Standard English?

The question mark in this title is extremely intentional.  I have been teaching freshman writing since 1980 at a state university and then at community colleges.  And unlike Britain and unlike France, I have yet to see a “standard” English.  In fact, as close as I can come is a myth (sometimes referred to as the Muhlenberg Vote) that German missed by one vote becoming the “official” language of the United States!

I concede that there are registers.  I also concede that in guiding students through freshman composition, I have participated in discussions about edited American English and how the freshmen writers need to consider the options edited American English offers them as they are defining their audiences.  However, I chafe at the idea of a “standard” for American English.

Let’s look at the situation: First, who would police this alleged “standard” if we had one?  I certainly would not as a PhD and as an English teacher.  Second, what would happen to the richness of our experiences if suddenly, our language was limited to what ever the “language police” would allow? And third, how could any “language police” keep up with the rapid changes we are seeing in usage (e.g. what speakers and writers actually “use” in contrast to the “grammar” which is far slower to change)?

At one point in the mid to late 20th century, I understand the argument about “network speech,” e.g. the language options used by Chet Huntley or David Brinkley or Walter Cronkite.  Certainly when Americans watched the news and there were only a handful of channels–these language users set patterns, but not standards!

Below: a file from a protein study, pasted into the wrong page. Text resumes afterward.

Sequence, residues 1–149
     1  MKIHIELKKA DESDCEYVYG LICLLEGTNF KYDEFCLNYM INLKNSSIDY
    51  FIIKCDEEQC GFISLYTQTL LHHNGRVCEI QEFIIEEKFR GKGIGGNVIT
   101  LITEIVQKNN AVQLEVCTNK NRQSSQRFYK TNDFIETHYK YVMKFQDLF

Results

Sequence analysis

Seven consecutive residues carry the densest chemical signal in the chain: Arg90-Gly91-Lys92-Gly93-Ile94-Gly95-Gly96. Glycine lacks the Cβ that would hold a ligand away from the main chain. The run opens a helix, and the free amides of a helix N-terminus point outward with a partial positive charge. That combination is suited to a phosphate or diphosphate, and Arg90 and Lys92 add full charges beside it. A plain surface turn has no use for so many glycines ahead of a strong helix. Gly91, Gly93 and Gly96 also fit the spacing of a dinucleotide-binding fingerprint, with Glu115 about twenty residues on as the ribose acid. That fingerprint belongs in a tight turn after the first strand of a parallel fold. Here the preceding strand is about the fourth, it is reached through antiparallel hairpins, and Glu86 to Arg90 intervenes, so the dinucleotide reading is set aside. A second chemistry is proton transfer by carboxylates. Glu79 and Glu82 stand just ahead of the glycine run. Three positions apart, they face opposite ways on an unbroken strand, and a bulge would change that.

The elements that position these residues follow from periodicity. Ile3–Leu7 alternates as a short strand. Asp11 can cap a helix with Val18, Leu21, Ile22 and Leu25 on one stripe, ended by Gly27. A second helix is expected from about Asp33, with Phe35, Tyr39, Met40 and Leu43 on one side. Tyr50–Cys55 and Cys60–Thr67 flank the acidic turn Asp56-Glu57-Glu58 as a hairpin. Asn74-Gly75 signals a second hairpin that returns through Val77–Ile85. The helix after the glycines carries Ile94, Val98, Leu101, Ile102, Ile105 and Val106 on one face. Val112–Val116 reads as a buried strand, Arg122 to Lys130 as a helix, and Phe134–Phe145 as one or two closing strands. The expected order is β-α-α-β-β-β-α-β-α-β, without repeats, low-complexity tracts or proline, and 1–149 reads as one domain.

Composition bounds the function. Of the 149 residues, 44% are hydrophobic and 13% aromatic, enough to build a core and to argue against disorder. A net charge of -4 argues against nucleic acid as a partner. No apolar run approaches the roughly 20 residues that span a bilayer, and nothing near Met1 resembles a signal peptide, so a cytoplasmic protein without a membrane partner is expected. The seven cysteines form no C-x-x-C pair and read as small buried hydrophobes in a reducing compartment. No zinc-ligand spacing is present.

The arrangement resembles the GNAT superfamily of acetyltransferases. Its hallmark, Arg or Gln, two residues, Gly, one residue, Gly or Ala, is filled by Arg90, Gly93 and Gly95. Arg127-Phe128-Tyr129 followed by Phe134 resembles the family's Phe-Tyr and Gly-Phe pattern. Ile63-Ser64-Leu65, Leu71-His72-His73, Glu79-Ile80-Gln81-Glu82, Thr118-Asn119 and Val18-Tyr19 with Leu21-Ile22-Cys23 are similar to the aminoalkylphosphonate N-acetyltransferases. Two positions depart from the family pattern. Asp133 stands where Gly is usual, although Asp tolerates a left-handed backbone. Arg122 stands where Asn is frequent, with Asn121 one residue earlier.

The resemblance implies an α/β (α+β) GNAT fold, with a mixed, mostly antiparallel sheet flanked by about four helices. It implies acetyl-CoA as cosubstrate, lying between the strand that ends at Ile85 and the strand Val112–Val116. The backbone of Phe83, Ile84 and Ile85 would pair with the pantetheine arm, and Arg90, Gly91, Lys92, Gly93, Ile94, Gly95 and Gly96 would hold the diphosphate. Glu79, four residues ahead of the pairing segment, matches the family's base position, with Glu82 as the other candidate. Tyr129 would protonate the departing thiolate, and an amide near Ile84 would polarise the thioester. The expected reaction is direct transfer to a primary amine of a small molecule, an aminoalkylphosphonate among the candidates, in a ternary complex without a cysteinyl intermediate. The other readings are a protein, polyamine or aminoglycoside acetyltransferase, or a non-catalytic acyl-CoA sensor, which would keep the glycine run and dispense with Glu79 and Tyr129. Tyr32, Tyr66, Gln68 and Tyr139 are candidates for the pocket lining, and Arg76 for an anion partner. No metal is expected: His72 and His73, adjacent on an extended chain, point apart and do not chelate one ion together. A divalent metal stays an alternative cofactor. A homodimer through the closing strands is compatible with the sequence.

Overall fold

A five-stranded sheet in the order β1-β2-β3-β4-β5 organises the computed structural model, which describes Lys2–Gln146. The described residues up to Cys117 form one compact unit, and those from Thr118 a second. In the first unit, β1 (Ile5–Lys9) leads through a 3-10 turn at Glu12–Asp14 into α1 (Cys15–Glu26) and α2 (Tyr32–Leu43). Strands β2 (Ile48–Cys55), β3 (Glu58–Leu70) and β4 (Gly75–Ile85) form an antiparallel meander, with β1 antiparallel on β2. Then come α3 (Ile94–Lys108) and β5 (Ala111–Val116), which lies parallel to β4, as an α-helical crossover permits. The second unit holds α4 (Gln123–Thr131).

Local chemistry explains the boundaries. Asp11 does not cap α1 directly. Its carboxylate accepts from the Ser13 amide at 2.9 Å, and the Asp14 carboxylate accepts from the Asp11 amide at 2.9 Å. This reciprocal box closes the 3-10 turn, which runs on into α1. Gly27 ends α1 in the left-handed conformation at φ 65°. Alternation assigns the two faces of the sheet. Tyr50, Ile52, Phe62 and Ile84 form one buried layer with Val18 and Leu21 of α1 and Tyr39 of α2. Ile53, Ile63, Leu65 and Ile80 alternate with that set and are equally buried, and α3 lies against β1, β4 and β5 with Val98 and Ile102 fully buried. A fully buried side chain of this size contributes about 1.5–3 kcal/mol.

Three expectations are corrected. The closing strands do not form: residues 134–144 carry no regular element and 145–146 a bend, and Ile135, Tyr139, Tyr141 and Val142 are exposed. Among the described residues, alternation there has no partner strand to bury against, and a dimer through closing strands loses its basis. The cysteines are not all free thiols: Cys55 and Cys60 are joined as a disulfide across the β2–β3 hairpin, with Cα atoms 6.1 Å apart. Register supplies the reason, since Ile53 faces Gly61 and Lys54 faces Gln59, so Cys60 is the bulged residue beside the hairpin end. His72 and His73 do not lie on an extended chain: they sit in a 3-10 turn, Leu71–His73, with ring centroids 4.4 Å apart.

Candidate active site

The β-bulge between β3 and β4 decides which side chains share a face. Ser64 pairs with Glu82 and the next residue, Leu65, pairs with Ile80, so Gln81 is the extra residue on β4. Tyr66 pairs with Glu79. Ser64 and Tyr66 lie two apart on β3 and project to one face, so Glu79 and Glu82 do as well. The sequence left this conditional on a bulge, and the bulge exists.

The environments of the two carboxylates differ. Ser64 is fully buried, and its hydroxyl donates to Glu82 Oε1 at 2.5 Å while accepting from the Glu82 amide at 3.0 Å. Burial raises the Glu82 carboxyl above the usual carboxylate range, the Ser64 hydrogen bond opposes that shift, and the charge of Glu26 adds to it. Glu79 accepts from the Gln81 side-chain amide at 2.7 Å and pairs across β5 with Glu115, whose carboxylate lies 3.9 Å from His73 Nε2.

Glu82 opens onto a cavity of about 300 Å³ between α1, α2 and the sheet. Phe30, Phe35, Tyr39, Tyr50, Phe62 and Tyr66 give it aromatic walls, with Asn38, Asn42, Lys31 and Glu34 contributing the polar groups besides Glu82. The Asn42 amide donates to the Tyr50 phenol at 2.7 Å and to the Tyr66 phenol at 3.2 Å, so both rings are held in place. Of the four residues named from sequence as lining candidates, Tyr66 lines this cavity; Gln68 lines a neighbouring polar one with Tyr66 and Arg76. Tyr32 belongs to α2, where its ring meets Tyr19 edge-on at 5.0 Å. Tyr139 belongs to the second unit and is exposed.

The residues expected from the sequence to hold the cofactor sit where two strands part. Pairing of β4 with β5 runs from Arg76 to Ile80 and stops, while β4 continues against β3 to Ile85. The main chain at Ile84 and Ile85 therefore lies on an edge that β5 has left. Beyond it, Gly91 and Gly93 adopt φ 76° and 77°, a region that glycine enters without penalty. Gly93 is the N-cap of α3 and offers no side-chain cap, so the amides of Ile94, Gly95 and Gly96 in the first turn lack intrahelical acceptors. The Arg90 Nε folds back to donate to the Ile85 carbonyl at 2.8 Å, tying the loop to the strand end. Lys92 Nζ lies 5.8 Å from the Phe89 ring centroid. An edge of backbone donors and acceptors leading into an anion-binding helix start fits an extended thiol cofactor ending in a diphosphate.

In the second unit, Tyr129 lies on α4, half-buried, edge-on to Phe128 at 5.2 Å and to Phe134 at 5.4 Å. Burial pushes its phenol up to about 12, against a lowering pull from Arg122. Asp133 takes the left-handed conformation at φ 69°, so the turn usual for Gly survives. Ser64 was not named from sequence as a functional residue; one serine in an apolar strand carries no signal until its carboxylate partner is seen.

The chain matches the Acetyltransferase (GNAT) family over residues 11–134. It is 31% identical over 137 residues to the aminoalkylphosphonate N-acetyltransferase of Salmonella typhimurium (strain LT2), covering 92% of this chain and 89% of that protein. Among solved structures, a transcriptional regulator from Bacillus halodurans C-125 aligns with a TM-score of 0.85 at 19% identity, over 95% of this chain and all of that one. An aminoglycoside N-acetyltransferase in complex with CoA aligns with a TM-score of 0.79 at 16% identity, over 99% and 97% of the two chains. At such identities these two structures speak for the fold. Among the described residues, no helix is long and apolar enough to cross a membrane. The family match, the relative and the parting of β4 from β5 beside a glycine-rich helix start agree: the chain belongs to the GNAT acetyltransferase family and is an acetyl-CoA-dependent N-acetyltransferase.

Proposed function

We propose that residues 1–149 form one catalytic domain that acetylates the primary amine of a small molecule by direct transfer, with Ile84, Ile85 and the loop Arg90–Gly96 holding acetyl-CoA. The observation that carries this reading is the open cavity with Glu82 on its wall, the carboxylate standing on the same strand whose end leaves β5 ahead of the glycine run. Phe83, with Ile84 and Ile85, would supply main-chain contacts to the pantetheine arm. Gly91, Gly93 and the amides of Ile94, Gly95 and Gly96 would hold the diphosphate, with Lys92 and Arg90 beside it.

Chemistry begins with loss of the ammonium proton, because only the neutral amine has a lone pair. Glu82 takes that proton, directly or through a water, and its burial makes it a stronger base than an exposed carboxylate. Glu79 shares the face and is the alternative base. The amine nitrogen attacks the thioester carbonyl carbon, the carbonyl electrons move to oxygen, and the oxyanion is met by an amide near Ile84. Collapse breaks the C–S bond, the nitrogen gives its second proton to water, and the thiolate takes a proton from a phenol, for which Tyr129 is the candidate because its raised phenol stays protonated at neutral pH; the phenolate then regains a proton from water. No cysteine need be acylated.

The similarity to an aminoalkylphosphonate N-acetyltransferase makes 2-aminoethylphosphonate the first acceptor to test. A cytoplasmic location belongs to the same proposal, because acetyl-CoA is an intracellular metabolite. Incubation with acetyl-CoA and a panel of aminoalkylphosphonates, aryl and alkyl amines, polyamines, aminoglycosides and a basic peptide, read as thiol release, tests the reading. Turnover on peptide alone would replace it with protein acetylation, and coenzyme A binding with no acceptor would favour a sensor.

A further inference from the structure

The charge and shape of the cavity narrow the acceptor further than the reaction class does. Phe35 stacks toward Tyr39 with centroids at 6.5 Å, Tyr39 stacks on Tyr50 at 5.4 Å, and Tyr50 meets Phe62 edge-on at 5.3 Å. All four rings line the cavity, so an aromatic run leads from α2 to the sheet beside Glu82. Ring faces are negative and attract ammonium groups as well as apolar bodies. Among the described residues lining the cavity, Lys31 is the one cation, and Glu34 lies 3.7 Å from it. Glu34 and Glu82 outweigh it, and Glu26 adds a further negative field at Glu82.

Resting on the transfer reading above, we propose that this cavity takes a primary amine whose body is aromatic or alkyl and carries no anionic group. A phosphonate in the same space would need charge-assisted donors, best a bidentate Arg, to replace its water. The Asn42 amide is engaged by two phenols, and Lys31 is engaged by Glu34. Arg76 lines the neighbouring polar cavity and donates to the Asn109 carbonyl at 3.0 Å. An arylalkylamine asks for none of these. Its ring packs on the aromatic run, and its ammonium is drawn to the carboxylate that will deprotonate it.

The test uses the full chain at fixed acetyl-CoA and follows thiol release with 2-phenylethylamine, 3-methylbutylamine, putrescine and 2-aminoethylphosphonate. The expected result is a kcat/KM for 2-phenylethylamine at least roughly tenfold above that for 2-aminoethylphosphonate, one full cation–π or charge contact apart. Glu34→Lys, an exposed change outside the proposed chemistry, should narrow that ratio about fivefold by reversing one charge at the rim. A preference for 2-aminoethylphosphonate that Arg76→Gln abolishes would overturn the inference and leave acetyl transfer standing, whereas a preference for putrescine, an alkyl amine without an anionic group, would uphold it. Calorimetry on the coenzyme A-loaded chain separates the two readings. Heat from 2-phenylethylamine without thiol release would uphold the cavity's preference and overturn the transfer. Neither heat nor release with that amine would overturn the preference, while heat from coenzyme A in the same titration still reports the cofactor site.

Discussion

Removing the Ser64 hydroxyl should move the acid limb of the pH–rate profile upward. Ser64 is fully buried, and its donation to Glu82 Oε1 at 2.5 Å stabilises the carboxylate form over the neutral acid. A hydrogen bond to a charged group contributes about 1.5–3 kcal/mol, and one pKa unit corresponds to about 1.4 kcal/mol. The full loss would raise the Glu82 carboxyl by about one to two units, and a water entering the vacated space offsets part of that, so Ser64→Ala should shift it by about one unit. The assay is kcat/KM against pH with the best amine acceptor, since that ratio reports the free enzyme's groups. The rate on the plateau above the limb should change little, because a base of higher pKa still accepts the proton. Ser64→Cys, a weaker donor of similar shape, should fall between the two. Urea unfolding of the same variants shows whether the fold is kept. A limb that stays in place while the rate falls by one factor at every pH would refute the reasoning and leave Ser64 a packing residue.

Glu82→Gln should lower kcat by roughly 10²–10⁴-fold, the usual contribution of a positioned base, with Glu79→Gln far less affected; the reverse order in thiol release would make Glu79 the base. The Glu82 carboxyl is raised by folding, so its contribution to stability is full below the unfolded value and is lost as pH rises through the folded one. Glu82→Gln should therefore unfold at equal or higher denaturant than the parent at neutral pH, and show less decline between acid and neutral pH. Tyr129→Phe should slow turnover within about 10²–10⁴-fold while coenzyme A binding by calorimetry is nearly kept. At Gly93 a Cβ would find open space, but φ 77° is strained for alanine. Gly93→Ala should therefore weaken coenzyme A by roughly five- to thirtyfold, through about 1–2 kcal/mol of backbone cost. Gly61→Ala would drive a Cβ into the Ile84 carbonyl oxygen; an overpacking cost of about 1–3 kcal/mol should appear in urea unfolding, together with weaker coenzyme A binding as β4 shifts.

And now–with hundreds of channels available–the genie is out of the bottle and “standardization” is next to impossible.

So why do we waste so much time talking about “standard” English in public schools? Is this talk of “standard” English an attempt–as Ngugi wa Thiong offers in his Decolonising the Mind–an attempt to shape and control thought?

I don’t mean to sound like some conspiracy nut, but I have never come to a clear understanding of why English teachers taught “grammar” every year for nearly 7-9 years of public schooling to students who are native speakers of English and who have fairly capable grammars without formal instruction!

So let’s talk about this issue.  Why do we perpetuate a nonsensical notion of “standard” English?  Please share any thoughts here!


About deanmark

Dean of Arts, Sciences, and Education at Davidson County Community College.
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